Each day, in every corporation, school, government organization and nonprofit, people are generating great value for the economy by creating, manipulating and interacting with precious information. In fact, much of the value in today’s economy is created and stored digitally, from intellectual property, trade secrets and customer lists to the actual dollars they generate. At the same time, cybercriminals are engineering complex breaches to access and steal that information.
Security Starts With People
In both scenarios, the story starts with people, which is why security must start there as well. To prevent cybercriminals from stealing the fruits of their labor, organizations must know who their people are and understand what they do.
The identities of your trusted users remain a major attack vector. In fact, 63 percent of confirmed data breaches involved weak or stolen passwords, per Verizon’s “2016 Data Breach Investigations Report.” In addition to proving that security starts with people, this troubling statistic tells us two things. First, it’s critical to know whether an impostor is leveraging stolen credentials. The best way to prevent a breach is to gauge the risk of an access request coming from an impostor and respond quickly by locking the account. Second, passwords are just not strong enough to assure the identities of users accessing sensitive information.
For example, let’s say a U.S.-based engineer usually accesses proprietary code from his or her work laptop in the office during normal workday hours. Now this same employee is trying to access that information from China in the middle of the night using an unrecognized tablet. This is likely an impostor leveraging stolen credentials, so it’s imperative that organizations recognize these types of requests. If, by chance, it really is the legitimate employee on a business trip, this employee must have the tools, such as biometric authentication, to prove his or her identity with a high degree of assurance.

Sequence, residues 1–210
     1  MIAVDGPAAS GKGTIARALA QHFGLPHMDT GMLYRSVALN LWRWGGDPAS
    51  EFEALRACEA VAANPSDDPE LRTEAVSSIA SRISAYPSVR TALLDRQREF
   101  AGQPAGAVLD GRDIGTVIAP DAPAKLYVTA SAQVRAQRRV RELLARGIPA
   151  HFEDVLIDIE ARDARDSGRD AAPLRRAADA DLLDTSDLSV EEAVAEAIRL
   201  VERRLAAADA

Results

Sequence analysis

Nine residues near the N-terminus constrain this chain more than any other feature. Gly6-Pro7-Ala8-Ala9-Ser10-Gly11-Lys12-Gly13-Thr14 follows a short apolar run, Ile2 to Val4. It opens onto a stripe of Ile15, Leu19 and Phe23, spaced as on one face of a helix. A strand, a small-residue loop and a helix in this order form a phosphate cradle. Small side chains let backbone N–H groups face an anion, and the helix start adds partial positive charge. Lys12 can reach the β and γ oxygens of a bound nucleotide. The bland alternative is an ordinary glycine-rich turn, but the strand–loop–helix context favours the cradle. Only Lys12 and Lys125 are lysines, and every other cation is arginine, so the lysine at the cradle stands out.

Strong authentication is necessary to address both of these issues. Access policies that take the context of the request into consideration, coupled with a variety of user-friendly, strong authentication methods, can increase security without compromising productivity.
Minimizing the Insider Threat
As painful as it is to admit, sometimes security threats come from within our own walls. In 2015, IBM X-Force found that 44.5 percent of attacks against corporations involved a malicious insider. Employees or third parties with privileged access to sensitive data carry the greatest risks. They have the potential to inflict maximum damage and can be hard to detect because they regularly manipulate sensitive information for their jobs.
To protect against insider threats, it is best to take a two-pronged approach. First, reduce exposure to harmful insider actions by putting the right security measures in place around sensitive data and ensuring access is granted only to those who truly need it. Identity governance, user life cycle management and the right access policies play a key role in minimizing risk.
For users who legitimately need access to sensitive information, organizations must be able to detect insider threats. Enterprises can greatly reduce the potential damage of an attack by anticipating the risk of malicious actions before they occur and responding promptly when breached.
Let’s say, for example, that a financial analyst generally accesses revenue data once or twice at the end of the quarter, but has gone in five times this week and it’s nowhere near the quarter’s end. HR data indicates this individual was denied a promotion. These risk factors isolate the employee’s behavior among millions of other transaction points for additional investigation.
Organizations can observe users’ behaviors while respecting their right to confidentiality, striking a balance between security and privacy. Available corporate data, when evaluated jointly with transactional patterns, can offer insights on the risks of malicious behaviors.
IBM announced several product enhancements and a new service offering to help customers know their people and understand what they do. IBM Verify, a mobile multifactor authentication capability, assists organizations in knowing their users and protecting themselves with simple, strong authentication using mobile biometrics.
IBM also strengthened the capabilities of its governance and privileged identity management tools to reduce risk and protect your most sensitive data. These solutions use business activities and actionable dashboards to identify risky access and act upon it quickly and easily. Additionally, IBM announced a new insider threat protection offering to help customers address the security gaps insiders might exploit with an approach that provides clear, actionable intelligence.